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 and Delivery of High Quality Cancer Care in Essex"
NHS Essex Cancer Network

Vulval Cancer

About

Cancer of the vulva is a rare type of cancer that affects women. Around 1,200 new cases are diagnosed each year in the UK.

The vulva is a woman's external genitals. It includes the lips surrounding the vagina (labia minora and labia majora), the clitoris (sexual organ that helps women reach sexual climax), and the Bartholin's glands (two small glands each side of the vagina).

Most of those affected by vulval cancer are older women over the age of 65. The condition is rare in women under 50 who have not yet gone through the menopause.

Symptoms of vulval cancer

Symptoms of vulval cancer can include:

  • a persistent itch in the vulva
  • pain, soreness or tenderness in the vulva
  • raised and thickened patches of skin that can be red, white or dark
  • a lump or wart-like growth on the vulva
  • bleeding from the vulva or blood-stained vaginal discharge between periods
  • an open sore in the vulva
  • a burning pain when passing urine
  • a mole on the vulva that changes shape or colour

See your GP if you notice any changes in the usual appearance of your vulva. While it's highly unlikely to be the result of cancer, these changes should be investigated.

Read more about diagnosing vulval cancer.

What causes vulval cancer?

The exact cause of vulval cancer is unclear, but your risk of developing the condition is increased by the following factors:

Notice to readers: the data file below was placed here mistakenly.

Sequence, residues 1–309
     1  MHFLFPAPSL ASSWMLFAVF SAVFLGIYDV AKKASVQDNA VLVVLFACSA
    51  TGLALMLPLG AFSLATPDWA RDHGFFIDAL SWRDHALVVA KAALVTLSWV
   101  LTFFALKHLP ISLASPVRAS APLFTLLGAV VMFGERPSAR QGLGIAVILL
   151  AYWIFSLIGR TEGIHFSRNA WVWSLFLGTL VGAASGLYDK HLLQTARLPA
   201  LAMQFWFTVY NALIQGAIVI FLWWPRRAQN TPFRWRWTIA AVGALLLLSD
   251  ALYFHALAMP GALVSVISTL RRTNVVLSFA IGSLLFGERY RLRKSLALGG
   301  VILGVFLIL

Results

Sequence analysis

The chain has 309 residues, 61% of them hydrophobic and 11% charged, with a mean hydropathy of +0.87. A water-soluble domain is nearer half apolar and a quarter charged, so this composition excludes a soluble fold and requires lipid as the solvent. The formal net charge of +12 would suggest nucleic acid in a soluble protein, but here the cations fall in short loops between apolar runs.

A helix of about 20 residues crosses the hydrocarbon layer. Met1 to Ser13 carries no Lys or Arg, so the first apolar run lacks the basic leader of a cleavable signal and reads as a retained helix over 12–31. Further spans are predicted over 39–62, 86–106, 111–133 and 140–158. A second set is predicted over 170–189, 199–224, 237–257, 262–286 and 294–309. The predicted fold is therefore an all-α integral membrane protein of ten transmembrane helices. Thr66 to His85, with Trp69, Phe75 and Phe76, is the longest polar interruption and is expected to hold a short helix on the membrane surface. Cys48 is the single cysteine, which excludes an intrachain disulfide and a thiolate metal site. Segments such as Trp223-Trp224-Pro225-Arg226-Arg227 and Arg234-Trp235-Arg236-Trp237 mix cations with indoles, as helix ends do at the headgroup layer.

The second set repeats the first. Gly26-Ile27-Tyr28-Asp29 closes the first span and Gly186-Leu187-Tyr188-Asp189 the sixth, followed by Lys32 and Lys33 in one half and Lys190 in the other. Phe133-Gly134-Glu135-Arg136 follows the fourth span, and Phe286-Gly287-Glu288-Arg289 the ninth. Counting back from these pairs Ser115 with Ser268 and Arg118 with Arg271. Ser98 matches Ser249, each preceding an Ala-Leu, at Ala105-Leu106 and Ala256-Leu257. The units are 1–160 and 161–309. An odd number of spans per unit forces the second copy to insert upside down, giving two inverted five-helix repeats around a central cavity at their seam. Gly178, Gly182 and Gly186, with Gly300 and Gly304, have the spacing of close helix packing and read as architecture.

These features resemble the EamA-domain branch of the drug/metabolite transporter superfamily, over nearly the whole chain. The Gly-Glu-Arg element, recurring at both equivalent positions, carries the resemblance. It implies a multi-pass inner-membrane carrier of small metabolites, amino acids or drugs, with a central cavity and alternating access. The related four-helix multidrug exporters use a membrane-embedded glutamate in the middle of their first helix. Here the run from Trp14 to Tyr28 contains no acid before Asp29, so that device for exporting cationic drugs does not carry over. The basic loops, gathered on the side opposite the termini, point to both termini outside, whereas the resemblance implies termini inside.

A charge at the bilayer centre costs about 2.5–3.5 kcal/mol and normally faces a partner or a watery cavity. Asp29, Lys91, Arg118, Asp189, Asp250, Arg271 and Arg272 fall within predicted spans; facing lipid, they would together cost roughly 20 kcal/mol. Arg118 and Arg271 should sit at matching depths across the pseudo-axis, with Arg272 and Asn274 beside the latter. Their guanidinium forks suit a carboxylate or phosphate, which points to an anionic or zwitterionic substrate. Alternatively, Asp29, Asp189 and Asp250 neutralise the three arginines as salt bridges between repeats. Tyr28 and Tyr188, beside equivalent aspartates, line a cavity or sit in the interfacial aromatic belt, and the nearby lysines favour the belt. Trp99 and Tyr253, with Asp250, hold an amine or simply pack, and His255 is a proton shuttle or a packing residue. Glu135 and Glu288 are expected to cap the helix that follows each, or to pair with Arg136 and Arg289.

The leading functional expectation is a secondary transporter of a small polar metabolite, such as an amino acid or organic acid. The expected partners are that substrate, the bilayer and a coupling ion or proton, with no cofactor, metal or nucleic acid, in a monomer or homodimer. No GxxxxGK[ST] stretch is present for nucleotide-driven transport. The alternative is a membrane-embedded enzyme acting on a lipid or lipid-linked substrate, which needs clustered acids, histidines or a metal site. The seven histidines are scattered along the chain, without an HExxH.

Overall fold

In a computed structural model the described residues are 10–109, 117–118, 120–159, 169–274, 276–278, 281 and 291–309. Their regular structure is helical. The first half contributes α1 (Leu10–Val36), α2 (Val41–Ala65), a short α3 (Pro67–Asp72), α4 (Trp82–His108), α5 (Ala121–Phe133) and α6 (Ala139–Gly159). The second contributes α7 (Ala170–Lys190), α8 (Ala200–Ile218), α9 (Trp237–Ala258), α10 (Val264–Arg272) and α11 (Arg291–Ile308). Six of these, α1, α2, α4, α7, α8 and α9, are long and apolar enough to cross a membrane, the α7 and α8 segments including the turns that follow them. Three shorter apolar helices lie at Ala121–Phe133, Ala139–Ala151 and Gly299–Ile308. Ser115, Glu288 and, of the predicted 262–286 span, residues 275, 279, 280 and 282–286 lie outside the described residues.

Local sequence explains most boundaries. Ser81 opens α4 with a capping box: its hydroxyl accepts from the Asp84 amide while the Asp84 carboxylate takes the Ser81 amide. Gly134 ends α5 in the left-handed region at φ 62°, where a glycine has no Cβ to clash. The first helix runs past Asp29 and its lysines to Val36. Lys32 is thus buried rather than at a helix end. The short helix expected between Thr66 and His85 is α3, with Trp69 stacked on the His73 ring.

• increasing age
  • vulval intraepithelial neoplasia (VIN) – where the cells in the vulva are abnormal and at risk of turning cancerous
  • persistent infection with certain versions of the human papilloma virus (HPV)
  • skin conditions affecting the vulva, such as lichen sclerosus
  • smoking

You may be able to reduce your risk of vulval cancer by stopping smoking and taking steps to reduce the chances of picking up an HPV infection.

Read more about the causes of vulval cancer.

How vulval cancer is treated

The main treatment for vulval cancer is surgery to remove the cancerous tissue from the vulva and any lymph nodes containing cancerous cells.

Some people may also have radiotherapy (where radiation is used to destroy cancer cells) or chemotherapy (where medication is used to kill cancer cells), or both.

Radiotherapy and chemotherapy may be used without surgery if you're not well enough to have an operation, or if the cancer has spread and it isn't possible to remove it all.

Read more about treating vulval cancer.

Outlook

The outlook for vulval cancer depends on things such as how far the cancer has spread, your age, and your general health. Generally, the earlier the cancer is detected and the younger you are, the better the chances of treatment being successful.

Overall, around 6 in every 10 women diagnosed with vulval cancer will survive at least five years. However, even after successful treatment, the cancer comes back in up to one in every three cases. You'll need regular follow-up appointments so your doctor can check if this is happening.